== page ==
Richard I of England’s heart was preserved with mercury and tar before being “sweetened” with herbs to make it smell nice after his death, researchers have found.
Forensic scientists analysed the organ of the king – called The Lionheart – after removing his remains from a church in France where part of his body was laid to rest.
They found that embalmers preparing him for burial after death had used mercury and tar-like creosote to preserve the heart.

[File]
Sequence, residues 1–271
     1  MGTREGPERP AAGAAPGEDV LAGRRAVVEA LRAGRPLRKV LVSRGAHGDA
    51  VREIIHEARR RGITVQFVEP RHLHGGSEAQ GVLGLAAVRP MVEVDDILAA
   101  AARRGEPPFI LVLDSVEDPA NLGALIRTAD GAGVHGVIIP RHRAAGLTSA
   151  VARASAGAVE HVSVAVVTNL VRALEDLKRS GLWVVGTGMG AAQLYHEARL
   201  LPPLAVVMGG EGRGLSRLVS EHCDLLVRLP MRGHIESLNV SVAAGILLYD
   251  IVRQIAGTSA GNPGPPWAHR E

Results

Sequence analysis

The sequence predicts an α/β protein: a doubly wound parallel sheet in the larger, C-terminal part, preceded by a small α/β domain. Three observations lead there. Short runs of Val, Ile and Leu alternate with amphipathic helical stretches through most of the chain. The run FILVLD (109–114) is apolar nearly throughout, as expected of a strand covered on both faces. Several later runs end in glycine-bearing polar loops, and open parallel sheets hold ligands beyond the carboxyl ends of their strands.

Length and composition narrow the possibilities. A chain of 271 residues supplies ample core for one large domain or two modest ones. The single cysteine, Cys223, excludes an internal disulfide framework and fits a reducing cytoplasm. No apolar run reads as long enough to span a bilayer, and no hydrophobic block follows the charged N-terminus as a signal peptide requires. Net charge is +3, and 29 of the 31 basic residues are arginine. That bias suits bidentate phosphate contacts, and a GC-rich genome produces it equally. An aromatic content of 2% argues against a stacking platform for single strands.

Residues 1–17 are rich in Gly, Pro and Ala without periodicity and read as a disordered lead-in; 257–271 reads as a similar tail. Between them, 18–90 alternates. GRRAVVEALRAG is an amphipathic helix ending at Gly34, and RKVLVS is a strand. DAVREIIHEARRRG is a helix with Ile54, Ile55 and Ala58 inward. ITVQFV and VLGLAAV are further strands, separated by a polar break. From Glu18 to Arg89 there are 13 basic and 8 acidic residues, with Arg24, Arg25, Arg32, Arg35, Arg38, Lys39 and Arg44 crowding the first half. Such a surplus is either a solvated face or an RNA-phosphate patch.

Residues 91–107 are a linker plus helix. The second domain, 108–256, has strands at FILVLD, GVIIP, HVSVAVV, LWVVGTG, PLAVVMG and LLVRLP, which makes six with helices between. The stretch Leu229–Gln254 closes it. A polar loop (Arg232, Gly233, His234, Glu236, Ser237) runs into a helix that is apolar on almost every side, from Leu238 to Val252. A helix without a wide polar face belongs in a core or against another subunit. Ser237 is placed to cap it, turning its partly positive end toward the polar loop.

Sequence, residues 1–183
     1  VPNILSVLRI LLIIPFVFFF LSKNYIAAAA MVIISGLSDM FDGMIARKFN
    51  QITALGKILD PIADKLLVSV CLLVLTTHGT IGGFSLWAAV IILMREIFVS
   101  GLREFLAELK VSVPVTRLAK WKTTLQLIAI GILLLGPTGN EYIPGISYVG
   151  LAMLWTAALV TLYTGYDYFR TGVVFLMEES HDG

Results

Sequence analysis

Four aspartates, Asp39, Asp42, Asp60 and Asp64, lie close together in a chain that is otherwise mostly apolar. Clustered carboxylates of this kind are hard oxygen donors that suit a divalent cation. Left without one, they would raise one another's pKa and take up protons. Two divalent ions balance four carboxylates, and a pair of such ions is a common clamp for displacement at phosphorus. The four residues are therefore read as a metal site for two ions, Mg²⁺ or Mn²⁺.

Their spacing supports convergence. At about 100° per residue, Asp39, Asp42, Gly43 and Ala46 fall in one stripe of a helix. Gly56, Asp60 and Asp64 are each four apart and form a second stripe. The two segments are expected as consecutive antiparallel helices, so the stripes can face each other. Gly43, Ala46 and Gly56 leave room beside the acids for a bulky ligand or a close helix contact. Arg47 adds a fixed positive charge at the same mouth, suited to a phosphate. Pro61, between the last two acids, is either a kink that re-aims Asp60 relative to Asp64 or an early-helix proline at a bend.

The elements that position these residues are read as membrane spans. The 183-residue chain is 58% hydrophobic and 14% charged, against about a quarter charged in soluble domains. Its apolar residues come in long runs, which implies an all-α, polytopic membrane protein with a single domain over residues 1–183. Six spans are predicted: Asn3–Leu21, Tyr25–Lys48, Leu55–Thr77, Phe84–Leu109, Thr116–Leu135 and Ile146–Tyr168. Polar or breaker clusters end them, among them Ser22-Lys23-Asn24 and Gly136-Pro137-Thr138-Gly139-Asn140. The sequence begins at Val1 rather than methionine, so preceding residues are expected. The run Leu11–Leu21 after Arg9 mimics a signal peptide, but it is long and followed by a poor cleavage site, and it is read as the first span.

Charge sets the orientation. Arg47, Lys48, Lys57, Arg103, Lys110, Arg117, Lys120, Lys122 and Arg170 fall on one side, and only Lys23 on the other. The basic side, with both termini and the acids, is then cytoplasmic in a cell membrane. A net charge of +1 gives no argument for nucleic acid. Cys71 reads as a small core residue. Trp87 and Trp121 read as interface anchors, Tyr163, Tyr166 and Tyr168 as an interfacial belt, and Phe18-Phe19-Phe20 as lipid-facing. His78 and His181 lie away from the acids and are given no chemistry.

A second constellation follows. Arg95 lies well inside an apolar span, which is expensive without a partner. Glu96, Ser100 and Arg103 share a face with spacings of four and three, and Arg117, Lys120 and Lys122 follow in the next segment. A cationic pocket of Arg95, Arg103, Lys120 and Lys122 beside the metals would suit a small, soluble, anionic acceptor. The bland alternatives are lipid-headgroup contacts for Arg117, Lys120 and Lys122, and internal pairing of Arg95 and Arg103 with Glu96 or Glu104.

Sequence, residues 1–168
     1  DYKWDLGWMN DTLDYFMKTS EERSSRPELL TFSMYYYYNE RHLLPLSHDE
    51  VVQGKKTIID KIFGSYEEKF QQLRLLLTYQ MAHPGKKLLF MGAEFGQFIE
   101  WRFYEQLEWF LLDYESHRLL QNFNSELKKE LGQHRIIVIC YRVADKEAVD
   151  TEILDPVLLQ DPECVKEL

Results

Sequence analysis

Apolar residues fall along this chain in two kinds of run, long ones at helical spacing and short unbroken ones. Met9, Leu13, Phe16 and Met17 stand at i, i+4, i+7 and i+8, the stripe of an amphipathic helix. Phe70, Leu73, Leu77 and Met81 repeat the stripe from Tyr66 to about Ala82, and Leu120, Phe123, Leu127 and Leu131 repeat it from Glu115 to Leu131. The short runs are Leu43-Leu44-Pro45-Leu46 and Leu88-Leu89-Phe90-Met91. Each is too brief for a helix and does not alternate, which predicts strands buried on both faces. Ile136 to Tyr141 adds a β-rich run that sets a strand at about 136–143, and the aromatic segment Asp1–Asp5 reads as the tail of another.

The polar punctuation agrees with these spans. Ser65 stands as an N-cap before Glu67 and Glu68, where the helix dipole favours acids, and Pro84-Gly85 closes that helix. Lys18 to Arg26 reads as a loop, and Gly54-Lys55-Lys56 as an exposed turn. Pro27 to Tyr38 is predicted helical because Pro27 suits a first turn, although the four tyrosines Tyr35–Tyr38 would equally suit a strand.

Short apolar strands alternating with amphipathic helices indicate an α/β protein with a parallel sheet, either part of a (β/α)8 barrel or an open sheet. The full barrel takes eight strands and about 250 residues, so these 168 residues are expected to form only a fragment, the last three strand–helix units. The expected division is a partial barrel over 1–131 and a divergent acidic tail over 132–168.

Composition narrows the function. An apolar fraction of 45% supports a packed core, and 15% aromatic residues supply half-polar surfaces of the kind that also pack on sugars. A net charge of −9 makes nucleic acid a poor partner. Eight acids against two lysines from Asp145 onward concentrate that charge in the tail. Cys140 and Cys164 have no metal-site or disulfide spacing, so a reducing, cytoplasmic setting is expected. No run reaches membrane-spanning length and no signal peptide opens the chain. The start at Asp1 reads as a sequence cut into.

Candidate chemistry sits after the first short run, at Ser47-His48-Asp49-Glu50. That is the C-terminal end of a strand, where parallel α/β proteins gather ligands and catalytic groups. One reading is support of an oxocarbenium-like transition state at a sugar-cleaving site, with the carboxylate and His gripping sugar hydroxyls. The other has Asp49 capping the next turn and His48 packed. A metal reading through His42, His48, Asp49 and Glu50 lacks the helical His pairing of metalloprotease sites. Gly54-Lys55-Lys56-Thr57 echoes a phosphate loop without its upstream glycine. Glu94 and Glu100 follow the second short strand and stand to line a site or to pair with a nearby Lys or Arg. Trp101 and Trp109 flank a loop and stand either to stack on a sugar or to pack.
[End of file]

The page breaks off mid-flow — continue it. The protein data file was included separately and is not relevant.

The organ had then been daubed with frankincense, myrtle, daisy and mint to make it smell sweet, before it was wrapped in linen and placed in a lead-lined box.
Forensic expert Philippe Charlier, who led the team that carried out the research, said there may have been an attempt to make the body part holier.
He said: “We found things that we didn’t expect.
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